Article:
Published on August 21, 2019 by Ashley Smith  
aerial view of library

Samford will participate in a nationwide bell ringing ceremony to promote healing and reconciliation on Sunday, August 25. Stephen Brooks Knight, Samford’s resident carillonneur, will perform several spiritual selections on the Rushton Memorial Carillon at 2 p.m. The event, organized by the National Park Service, commemorates the 400th anniversary of the first landing of enslaved Africans in English-occupied North America. The National Park Service has invited communities to come together to ring bells in solidarity for four minutes – one for each century.

Samford’s carillon was first installed on campus in A. Hamilton Reid Chapel in 1968. It was donated by William J. Rushton in honor of his parents, two sisters, and brother. When the carillon was first erected, 49 bells were included. It was the first four-octave chromatic carillon in the United States. Each bell was cast with a meaningful inscription, making the bell system not only unique to the United States but to the world. No other bell system at that time included inscriptions on each bell. In 1979, the bells were moved to the Harwell Goodwin Davis Library and 11 more bells were added at that time.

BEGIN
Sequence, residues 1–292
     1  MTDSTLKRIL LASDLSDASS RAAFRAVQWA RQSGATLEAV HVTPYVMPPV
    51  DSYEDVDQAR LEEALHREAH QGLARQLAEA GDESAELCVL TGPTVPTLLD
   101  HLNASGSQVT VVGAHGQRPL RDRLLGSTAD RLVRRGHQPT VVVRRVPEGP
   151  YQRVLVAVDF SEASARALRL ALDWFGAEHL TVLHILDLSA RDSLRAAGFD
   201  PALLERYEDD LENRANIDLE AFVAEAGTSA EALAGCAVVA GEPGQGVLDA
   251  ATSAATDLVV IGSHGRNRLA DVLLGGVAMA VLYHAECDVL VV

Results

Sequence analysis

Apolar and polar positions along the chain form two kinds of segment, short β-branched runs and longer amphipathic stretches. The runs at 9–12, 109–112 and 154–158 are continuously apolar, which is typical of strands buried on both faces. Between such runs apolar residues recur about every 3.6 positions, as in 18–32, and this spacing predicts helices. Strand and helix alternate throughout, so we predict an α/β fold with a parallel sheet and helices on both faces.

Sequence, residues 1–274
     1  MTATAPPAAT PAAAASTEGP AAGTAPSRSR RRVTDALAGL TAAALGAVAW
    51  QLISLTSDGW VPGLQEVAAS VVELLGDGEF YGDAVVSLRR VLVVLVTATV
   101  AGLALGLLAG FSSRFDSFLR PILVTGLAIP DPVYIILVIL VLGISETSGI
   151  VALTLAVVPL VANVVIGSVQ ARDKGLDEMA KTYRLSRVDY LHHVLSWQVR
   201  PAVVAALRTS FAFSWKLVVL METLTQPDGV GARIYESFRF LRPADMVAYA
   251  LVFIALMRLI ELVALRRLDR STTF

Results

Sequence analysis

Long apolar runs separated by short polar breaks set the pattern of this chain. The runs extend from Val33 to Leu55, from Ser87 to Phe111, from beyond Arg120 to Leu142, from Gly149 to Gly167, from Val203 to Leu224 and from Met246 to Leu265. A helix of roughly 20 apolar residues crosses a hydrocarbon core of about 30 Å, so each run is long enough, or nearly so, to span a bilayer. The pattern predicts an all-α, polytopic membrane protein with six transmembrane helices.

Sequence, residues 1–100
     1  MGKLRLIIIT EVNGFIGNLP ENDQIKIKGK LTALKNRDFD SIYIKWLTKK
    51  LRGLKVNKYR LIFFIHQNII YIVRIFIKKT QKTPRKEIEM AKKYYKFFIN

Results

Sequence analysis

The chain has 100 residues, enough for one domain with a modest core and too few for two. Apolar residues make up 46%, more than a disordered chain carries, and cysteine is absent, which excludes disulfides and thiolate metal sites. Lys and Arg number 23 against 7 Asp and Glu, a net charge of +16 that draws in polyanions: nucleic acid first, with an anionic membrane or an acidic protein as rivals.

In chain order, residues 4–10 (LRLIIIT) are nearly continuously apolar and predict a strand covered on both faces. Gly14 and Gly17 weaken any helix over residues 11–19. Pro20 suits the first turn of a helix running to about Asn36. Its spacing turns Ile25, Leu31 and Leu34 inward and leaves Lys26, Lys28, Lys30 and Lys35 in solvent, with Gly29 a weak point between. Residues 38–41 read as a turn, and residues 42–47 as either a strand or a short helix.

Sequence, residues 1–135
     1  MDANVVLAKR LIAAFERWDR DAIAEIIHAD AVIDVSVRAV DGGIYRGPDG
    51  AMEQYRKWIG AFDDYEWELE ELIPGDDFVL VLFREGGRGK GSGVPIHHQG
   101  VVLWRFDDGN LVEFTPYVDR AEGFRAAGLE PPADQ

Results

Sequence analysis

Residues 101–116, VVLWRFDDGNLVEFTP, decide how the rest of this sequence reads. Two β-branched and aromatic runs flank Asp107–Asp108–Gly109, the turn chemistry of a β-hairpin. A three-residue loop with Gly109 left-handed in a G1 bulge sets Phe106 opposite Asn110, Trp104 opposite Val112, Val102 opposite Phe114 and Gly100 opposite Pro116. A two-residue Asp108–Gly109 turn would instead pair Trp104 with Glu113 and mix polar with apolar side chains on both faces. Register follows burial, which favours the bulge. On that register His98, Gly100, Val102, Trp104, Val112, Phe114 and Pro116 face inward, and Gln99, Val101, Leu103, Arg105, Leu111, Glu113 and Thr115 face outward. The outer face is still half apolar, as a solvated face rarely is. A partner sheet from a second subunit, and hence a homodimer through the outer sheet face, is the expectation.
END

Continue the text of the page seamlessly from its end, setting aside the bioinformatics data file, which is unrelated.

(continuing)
Knight is a pianist, organist, carillonneur and composer from Birmingham, Alabama. He has received numerous awards and honors, including the City of Mechelen Carillon Composition prize from the Royal Carillon School in Mechelen, Belgium, and he is a two-year recipient of the Young Blind Composers Award from the National Federation of Music Clubs. He also received the Samuel P. Hayes Award from the Perkins School for the Blind and the Harry R. Wilson Award from Samford University.

Knight holds two undergraduate degrees from University of Alabama and graduate degrees from Samford, Schola Cantorum in Paris, France, and University of Michigan. He received the Final Diploma “With Great Distinction” from the Royal Carillon School in Belgium.